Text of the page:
A while back I got a question from a fat-fingered Severn River Music reader (sorry Robert, but you said it, not me).  Here’s what Robert said:

I just started (1 week ago) teaching myself to play on an old classical acoustic guitar that was given to me. Eventually want to learn to play some old and new rock/pop songs so is learning on a classical guitar ok? I’m just doing basic dexterity/scales practice for about 20-45 mins a day and started learning a few chords. I do have some issues due to having smaller hands/fat fingers and was wondering if that will always hold me back or will it just take longer to get the needed dexterity? Also, calluses are coming along nicely so it’s not as painful now!

Hey Robert – Ahhh yeah, the old fat/stubby/little/short finger issue. A few things that may help:

Use A Big Fat Guitar

Using a classical guitar will probably help anyone who has thicker fingers. Generally, classical guitars have wider/thicker necks, which usually means that the strings are further apart. This lessens the issue of your fingers rubbing up against the wrong strings.  Rubbing up against the wrong strings mutes the strings (or gives you that buzzy sound).

Unfortunately, wider necks can make it more difficult for players with small hands.

Capo That Baby Up!

Using a capo on the 4th or 5th fret (or playing your scales on higher frets) may help as well.

As you get further down the neck of the guitar, the frets become closer together.  This means that you don’t need to stretch your fingers as much as you would in the first position (up near the headstock of the guitar).

Closer frets means less stretching which can make playing guitar easier for people with small hands.  

Examples of Famous Guitar Players with Fat Fingers (or no fingers)

Check out this post (and video) of Django Reinhardt. One of the best guitar players ever, and he only used two fingers.  He lost the use of his pinky and ring fingers, leaving him only able to play guitar with his pointer and middle finger.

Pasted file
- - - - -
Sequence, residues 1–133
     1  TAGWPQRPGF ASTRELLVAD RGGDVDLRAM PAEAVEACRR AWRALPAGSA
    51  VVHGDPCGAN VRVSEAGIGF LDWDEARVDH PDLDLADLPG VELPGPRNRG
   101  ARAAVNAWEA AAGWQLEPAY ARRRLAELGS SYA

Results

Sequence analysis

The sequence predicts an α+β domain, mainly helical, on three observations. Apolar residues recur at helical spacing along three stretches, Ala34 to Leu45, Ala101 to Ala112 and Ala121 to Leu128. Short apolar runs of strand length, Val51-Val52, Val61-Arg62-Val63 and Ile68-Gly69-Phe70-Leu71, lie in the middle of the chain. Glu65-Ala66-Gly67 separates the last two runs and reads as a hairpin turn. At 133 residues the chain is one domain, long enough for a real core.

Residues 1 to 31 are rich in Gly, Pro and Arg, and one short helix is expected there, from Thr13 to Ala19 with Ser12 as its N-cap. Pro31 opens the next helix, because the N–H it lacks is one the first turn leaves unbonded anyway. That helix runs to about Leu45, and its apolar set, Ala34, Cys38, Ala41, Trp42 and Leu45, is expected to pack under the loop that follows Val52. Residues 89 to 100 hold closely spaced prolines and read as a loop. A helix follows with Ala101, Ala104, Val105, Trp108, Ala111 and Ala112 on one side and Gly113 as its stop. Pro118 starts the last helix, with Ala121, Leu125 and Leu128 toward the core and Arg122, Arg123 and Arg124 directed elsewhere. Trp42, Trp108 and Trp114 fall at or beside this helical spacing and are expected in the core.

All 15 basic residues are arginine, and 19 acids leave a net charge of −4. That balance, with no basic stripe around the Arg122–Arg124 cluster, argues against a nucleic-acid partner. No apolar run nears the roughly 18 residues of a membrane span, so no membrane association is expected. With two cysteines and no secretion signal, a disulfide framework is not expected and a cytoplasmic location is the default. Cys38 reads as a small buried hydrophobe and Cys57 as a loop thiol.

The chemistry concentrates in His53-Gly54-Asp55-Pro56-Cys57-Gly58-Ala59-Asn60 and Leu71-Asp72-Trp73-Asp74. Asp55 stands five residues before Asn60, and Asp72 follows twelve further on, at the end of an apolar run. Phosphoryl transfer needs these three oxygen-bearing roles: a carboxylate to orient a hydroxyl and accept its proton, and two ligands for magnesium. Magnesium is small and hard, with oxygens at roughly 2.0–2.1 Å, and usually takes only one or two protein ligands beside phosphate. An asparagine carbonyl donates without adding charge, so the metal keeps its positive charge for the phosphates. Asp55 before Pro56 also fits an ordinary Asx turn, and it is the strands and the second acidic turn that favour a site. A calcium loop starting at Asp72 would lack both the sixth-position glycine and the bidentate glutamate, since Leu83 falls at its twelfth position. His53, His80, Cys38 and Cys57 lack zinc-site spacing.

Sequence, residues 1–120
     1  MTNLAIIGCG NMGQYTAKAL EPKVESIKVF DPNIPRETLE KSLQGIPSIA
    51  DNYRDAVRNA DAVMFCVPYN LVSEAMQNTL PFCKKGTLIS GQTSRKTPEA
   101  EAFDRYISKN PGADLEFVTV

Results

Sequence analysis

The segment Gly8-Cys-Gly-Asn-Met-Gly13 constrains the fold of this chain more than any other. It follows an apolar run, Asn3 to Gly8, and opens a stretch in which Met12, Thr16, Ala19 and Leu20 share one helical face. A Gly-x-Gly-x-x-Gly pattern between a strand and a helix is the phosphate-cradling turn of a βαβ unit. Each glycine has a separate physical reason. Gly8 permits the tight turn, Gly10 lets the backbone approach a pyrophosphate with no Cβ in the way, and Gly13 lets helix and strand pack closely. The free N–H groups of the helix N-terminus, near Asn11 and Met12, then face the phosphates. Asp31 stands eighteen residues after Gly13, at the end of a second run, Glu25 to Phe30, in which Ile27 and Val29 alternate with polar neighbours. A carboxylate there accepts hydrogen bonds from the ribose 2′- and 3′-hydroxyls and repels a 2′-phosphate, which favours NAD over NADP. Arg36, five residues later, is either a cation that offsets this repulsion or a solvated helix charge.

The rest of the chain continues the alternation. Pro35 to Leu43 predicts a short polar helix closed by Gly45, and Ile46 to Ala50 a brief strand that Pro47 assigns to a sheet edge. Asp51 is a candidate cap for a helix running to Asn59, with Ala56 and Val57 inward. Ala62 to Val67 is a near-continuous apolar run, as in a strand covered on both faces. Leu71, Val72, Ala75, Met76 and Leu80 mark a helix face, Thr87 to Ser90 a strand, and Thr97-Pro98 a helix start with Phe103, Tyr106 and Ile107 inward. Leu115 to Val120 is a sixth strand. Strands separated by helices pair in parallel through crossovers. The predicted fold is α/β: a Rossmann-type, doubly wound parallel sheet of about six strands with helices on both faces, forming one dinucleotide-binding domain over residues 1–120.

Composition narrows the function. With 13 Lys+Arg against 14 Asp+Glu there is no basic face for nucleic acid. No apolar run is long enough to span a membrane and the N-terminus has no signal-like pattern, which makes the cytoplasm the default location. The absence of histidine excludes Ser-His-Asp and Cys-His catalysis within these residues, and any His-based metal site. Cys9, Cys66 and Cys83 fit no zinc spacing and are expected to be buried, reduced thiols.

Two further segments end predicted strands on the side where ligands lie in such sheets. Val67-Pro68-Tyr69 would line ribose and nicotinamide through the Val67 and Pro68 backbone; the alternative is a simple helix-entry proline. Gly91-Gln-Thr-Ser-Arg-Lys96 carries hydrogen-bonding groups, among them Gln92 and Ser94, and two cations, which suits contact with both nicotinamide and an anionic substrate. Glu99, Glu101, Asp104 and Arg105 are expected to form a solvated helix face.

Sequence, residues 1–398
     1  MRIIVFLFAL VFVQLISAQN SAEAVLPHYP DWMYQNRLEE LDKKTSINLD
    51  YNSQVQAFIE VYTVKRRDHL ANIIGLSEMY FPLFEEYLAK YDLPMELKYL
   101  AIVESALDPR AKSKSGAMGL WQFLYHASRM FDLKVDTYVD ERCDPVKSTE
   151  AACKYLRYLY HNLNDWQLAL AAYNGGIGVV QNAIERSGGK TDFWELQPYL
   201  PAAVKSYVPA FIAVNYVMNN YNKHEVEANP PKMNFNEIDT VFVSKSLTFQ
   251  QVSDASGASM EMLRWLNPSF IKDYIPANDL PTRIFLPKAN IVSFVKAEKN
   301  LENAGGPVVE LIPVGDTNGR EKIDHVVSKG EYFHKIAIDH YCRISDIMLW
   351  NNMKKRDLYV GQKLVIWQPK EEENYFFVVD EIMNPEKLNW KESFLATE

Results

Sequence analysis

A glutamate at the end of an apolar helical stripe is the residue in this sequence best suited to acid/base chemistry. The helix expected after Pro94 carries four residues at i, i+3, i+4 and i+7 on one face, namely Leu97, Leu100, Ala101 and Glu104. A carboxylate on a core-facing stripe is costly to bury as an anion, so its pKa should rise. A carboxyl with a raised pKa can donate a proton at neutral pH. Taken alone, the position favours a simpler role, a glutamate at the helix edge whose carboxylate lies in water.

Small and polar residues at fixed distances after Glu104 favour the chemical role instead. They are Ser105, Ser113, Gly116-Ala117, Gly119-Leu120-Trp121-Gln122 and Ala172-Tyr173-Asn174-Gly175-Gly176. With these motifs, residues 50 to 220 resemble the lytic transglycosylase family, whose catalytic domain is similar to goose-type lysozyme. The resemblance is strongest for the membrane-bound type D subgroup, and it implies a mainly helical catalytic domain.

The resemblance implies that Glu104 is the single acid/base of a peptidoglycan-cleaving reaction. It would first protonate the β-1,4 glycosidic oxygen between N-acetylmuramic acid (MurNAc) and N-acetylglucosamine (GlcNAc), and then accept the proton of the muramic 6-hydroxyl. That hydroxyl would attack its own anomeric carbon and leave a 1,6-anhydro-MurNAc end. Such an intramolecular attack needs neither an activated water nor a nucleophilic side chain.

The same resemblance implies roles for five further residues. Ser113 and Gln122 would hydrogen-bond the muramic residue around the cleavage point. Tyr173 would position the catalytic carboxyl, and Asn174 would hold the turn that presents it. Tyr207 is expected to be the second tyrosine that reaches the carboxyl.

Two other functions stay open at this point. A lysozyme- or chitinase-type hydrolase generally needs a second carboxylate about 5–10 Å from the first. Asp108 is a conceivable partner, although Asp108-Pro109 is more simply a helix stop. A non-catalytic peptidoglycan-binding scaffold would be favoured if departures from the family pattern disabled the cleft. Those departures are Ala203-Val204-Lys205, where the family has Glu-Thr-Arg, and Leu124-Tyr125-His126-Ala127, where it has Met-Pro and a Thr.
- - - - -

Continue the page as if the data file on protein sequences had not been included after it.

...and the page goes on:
Read the full post for all of the details, but the bottom line is: don’t let your physical limitations, limit your guitar playing.

Another example is Richie Havens – who had super large fingers that made normal open position chords tricky to play.  Basic things like G, Am, Em, F, etc  – so he relied on open tunings to get the sound he wanted.  You can see a video of Richie Havens (and his fat fingers) in action here.

From the New York Times...

His hands were very large, which made it difficult to play the guitar. He developed an unorthodox tuning so he could play chord patterns not possible with conventional tunings. The style was picked up by other folk and blues singers.

“A person looking at him might think he was just flailing about,” the guitarist Barry Oliver said in the magazine Guitar Player. “But the way he flailed about was so musical, and it went perfectly with what he was portraying. He’s a good example of not having to have to be a technically perfect guitarist in order to come across.”

I love that quote:  “not having to have to be a technically perfect guitarist in order to come across”.  I also love the his style was picked up by other folk and blues singers!  He couldn’t play using traditional methods so he created his own method out of necessity!

Real Life Examples (from Normal People)

Meet Gus.

My 48 year old student.

He plays a Gibson Les Paul.

He has smallish hands and thick fingers.

Sound familiar?

I have yet to find a song that Gus can’t play.  Now granted, he does a lot of power chords.  But he also plays solos and intricate arpeggiated chords.  I’m talking bar chords… C shaped bar chords.

He loves Red Hot Chili Peppers.  These aren’t the easiest songs to play… and play well.  But Gus can do it.

It takes him a little longer to find the chords.  He has to really focus his efforts.  It certainly doesn’t come as easy to him.  But he loves the music and he loves guitar so he makes it work.

I’ve had other students with gigantic bear sized hands and sausage fingers.  Yet they still execute chords and scales perfectly.  It takes patience and deliberate practice.

Thanks for everyone that comments and asks questions.  If it weren’t for you, I would never be able to address questions like the one in this article.  That’s it!  If I missed anything (or if you have any questions) let me know in the comments below!

Jake Posko is the owner of Severn River Music – proudly and happily providing in-home guitar, piano, drum and music lessons in the Maryland area including: Annapolis, Edgewater, Severna Park, Pasadena, Crownsville, Arnold and Kent Island, inquire about lessons by e-mailing him at jake@jakeposko.com